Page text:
Leon Braun is an alumnus of The Australian National University (ANU), now working at the Australian Department of Foreign Affairs and Trade (DFAT). Leon studied the Master of Asia-Pacific Studies, a predecessor of the Master of Asian and Pacific Studies (MAPS) at ANU College of Asia and the Pacific. We asked him to share his highlights of the program and how it’s benefitted his career.
1. Why did you choose to study at ANU and why did you choose the Master of Asia-Pacific Studies?
I spent a year in Thailand after high school and, ever since, I have wanted to master the Thai language. I knew ANU was the only university in Australia that taught Thai and I knew having an ANU degree would open doors to interesting careers in government and research. I chose the Master of Asia-Pacific Studies because it allowed me to focus on the language and country I was interested in, whilst still being broad enough to give me options when I graduated.
2. What is your current position and organisation?
I'm a foreign service officer with DFAT. Right now I'm serving as the Second Secretary (Political) at the Australian High Commission in Nuku'alofa, Tonga.
3. What have been some key moments or experiences in your career?
One of the best things about my job is the variety. I have found myself unexpectedly interpreting for the Deputy Prime Minister of Laos, judging a transgender beauty pageant in Tonga and staying up all night to draft a condolence speech for former Prime Minister Turnbull following the death of the Thai King. I'm proud to have been a part of Australia's successful Human Rights Council campaign and to have answered the consular hotlines following terrorist attacks and natural disasters. I get to travel to some amazing places and I love having my family along on my adventures and seeing my children learn from and adapt to new cultures.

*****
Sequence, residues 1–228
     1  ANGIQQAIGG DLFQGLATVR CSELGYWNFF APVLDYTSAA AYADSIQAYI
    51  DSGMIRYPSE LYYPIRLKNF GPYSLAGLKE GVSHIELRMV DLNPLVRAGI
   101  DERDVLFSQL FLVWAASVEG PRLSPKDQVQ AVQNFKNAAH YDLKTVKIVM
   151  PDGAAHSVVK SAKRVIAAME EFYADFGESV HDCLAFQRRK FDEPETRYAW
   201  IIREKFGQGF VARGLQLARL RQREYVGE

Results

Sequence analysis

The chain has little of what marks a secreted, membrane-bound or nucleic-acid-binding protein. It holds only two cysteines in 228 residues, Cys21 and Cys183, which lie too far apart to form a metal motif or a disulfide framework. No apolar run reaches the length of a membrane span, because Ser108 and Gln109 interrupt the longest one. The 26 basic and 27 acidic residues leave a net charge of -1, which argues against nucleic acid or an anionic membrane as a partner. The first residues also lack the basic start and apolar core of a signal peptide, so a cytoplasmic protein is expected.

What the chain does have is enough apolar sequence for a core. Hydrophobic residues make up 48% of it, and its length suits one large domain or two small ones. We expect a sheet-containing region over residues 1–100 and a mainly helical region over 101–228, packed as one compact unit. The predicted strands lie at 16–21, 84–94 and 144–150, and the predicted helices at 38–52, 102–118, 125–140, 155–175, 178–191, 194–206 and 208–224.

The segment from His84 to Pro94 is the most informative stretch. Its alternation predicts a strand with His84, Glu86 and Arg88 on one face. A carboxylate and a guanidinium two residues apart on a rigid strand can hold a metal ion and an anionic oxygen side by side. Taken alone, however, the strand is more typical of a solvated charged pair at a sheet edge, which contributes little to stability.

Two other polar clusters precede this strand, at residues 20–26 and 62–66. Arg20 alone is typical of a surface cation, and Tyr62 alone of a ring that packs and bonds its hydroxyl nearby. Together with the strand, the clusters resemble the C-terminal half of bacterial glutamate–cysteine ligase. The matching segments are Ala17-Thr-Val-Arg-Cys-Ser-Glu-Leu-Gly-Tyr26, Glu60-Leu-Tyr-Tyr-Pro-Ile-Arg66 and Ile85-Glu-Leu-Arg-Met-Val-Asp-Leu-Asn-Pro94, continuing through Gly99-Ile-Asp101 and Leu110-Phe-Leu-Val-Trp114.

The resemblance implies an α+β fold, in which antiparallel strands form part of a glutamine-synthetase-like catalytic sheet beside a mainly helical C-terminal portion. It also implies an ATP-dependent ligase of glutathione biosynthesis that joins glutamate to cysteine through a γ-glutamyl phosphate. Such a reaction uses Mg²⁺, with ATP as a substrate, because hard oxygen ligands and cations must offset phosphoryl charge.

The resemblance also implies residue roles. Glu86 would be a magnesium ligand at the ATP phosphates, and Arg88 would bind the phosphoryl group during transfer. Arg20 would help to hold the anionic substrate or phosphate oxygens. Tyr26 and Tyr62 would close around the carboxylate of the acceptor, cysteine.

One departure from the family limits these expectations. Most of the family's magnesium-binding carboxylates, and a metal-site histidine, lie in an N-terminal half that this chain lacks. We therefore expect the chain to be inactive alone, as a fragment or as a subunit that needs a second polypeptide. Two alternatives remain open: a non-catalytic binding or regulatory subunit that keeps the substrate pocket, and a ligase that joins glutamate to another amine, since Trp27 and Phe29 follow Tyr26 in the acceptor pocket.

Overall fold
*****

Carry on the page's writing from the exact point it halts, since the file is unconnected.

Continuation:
4. What was a highlight of your time at ANU?
The Southeast Asian Frontiers Course was a standout experience, both inspiring and exhausting: four weeks of intensive fieldwork on the Thai-Burma border, meeting political activists, refugees, provincial governors, soldiers and paramilitaries, philanthropists and former warlords. But the greatest highlight of my time at ANU was the many hours I spent conversing and arguing in Thai with my lecturer, a woman of voluminous knowledge, deep moral convictions and boundless energy, Ajarn Chintana Sandilands.
5. How would you describe your career so far?
Amazing! The foreign service offers a combination of interesting work, a secure career, the chance to live overseas and the opportunity to make a positive contribution to Australia's foreign policy. You also get to work with a lot of smart and talented people. Like any job it has its challenges and drudgery, but there isn't a single day I don't feel grateful to be doing what I'm doing.
6. How has your ANU experience helped you achieve your aspirations and career goals? What skills did you develop?
My ANU degree, and especially my experience on the Southeast Asian Frontiers course, helped get me selected for the DFAT graduate program. In addition to learning a language, I developed skills in research, analysis and negotiation. I gained a more sophisticated worldview and grew more confident in presenting my ideas and defending my principles. I also developed a world-class network of contacts with Asia-Pacific expertise. I think it's that connectedness that has been the single greatest benefit of my ANU degree.